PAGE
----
When Students Do Not Ask Questions in Class

When Students Do Not Ask Questions in Class

Most students have been in a classroom setting where they wished they hadn’t asked a question or added to the discussion. Maybe the answer was obvious or the question seemed unrelated – “out in left field,” so to speak. It takes strength to raise your hand in class and ask questions. More often than not, other students have similar questions. What about those students who don’t ask questions in class? How or are they impacted if they do not ask questions?  Make sure to check out our video on the same topic. First, let’s examine reasons why students don’t ask questions in class, then discuss the consequences of not asking questions, and finally what teachers can do to encourage students to ask questions.

Reasons some students do not ask questions in class

Shyness: One of the most obvious reasons a student may not volunteer to raise his or her hand with a question is because the person is shy. Shyness can be bitterly difficult for many students. One student described the being shy at school this way: “I think if I had not been painfully shy…then I would have done a lot better in school. I would have had a clear, open mind to understand things better, and I would have had the courage to participate more and ask questions.”

Fear of peers: Other students are self-conscious and worry about what their peers will think if they ask questions of the teacher. Peer friendships and fitting in is especially important as students enter teenage years.

Fear of appearing dumb: No one wants to look foolish. Often times the academic material appears unfamiliar; although it has been previously taught, it can suddenly resemble a foreign language. So, the student fears he or she will appear unintelligent or as if he or she wasn’t paying attention.

Difficulty forming the question: Other times a student may struggle to formulate the question. Students in the process of learning English may be hesitant and unclear about how to structure the sentence grammatically. Students who participate in speech therapy may find it challenging to form the words properly.

Consequences

Gaps in knowledge: The most obvious consequence of students failing to speak up and ask questions is the resulting gaps in knowledge. Hart Research Associates distributed a survey to faculty members to determine the readiness of entering college students. Glaring gaps in the knowledge of students were discovered. Just 4 percent of faculty members of two-year colleges were able to rate incoming students as being “most generally able to do what is expected.” The percentage for the four-year college was at 12 percent.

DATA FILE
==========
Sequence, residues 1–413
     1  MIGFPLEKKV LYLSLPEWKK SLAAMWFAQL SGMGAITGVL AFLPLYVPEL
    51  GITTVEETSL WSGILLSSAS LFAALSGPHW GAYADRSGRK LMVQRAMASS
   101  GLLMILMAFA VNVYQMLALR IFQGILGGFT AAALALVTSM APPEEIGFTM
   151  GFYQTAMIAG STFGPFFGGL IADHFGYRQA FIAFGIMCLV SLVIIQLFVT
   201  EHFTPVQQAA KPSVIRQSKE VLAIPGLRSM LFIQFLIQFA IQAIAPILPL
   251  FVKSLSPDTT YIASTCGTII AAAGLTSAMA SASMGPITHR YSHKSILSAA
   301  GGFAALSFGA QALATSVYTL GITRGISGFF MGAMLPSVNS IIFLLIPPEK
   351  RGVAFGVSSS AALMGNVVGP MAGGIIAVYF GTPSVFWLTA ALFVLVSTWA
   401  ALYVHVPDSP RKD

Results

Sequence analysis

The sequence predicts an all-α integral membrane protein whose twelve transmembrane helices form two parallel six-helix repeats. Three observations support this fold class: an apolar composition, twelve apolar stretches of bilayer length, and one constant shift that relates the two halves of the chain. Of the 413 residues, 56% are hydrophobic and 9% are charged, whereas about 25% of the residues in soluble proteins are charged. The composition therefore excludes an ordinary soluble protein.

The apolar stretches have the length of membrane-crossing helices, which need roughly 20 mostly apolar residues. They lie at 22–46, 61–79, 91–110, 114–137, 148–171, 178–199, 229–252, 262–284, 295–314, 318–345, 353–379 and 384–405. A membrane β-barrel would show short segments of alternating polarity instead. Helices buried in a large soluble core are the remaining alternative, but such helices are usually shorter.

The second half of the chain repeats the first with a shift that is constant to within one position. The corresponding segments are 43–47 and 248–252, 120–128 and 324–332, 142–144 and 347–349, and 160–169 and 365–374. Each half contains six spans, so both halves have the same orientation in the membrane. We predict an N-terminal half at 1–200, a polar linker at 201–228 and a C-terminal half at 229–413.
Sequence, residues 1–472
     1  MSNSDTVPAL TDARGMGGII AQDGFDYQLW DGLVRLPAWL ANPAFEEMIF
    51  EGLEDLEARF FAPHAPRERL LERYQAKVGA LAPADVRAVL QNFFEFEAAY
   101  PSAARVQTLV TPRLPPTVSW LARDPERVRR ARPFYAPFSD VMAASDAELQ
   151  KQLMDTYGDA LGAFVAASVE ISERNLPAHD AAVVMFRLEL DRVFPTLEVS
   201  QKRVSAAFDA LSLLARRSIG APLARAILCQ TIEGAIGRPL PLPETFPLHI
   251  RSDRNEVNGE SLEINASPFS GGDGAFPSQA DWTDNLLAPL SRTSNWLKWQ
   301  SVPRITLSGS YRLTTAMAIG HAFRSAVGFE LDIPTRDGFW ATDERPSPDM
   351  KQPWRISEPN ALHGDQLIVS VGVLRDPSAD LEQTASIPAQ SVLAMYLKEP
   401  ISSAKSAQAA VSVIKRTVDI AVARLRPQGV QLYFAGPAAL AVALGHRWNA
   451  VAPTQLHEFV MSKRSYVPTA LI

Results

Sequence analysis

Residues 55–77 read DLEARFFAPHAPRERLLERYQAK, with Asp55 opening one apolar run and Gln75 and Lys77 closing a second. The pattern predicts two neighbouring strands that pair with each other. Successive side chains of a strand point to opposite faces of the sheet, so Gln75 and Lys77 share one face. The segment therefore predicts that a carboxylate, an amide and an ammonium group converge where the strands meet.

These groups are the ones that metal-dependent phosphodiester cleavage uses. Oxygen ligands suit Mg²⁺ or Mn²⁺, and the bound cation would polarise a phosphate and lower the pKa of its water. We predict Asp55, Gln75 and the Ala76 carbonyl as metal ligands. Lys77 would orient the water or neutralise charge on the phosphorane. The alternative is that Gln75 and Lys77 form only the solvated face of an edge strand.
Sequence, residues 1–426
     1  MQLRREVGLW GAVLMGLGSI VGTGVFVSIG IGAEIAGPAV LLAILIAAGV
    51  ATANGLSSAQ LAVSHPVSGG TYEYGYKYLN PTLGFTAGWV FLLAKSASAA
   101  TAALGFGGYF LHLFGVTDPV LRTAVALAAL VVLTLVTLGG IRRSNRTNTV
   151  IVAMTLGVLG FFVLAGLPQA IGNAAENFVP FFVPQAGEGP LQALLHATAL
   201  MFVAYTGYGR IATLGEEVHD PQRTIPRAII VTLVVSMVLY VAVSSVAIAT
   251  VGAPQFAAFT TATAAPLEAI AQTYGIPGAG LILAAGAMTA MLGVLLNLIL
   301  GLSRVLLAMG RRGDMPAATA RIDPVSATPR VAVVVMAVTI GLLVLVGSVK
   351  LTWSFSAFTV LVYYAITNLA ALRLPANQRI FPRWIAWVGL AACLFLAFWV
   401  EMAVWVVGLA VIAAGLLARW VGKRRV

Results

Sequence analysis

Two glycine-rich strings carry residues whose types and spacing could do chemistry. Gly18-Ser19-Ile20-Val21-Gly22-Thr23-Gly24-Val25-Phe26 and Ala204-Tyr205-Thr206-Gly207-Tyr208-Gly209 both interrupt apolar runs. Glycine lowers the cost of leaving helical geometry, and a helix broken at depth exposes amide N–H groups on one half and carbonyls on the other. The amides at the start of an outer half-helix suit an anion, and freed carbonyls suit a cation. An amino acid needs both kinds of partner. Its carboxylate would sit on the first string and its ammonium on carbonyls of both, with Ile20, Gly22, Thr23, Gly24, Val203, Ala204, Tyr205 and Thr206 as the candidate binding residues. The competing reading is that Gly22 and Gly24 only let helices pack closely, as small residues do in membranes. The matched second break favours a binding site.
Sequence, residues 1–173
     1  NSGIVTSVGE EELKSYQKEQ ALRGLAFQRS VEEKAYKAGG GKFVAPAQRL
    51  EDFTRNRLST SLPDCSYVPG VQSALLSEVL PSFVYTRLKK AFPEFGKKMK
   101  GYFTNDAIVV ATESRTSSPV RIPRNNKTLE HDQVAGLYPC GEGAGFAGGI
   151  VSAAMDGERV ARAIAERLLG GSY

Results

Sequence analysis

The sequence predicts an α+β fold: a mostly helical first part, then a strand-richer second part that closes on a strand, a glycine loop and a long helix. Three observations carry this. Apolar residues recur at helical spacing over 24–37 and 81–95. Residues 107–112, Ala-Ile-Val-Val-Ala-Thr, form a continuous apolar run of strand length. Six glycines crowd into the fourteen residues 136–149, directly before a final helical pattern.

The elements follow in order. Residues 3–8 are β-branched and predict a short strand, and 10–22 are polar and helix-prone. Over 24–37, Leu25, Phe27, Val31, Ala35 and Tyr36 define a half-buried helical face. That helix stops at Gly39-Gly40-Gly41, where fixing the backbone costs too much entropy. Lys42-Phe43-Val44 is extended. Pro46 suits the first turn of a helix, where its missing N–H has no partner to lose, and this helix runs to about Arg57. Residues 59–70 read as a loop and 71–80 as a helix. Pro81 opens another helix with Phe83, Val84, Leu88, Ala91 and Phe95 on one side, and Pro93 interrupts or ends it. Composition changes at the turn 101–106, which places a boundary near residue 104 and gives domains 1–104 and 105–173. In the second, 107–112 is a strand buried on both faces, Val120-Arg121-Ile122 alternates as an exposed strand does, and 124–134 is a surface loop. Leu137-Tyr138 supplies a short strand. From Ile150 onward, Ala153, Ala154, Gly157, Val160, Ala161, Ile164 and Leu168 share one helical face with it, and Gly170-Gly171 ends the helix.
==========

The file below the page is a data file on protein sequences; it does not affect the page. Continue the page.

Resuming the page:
Reinforces bad habit for future learning: A habit is defined as “a settled or regular tendency or practice, especially one that is hard to give up.” If students continually resort to retreating when they have a question, then over time they will develop the habit of not asking when it is necessary. This bad habit may follow them to college and the workplace. Finding a way to break past it now is necessary.

Hinders self-esteem: Students who are missing chunks of information due to their own refusal to ask questions likely feel low self-esteem. They know they should be and could be obtaining the information.

Solutions for teachers

Teachers have a great responsibility to draw students out of their shell and nurture the love of learning that is inherent within every person. Teachers teach because they have a passion for their students and imparting knowledge to them. So, what can teachers do when students won’t ask questions due to various reason? Here are 3 ideas listed below for teachers.

  • Make asking questions like a “game”. Everyone gets to ask a question throughout the week. Advise the students who will be called on to ask their question a day in advance – that way there are no surprises, which would only frighten a shy student. Questions, then, become commonplace.
  • Organize group questions. Put students in groups and have them all brainstorm together to come up with questions for the teacher or for the other groups. If they ask the questions to the other group, you can make this into a game or at the very least it is an excellent way for them to study and quiz one another. Studies show that students learn better when having fun.
  • Create a question box for students to place their questions in and the teacher reads one or two a day as time permits. You could make this an anonymous box. The student is still having pertinent questions answered and not getting stressed over doing it verbally. Although, a combination of all of the above ideas would work most effectively.

Students who do not ask questions are at risk for losing valuable academic information that is relevant to their future success. As teachers work closely with students in creative ways, these students can be identified and helped. At the Tenney School, we value education and believe in the inherent joy of learning. We strive to provide children with an excellent one-on-one environment in which to thrive. If you would like to discuss this topic, please contact us today!

2019-02-05T12:50:44+00:00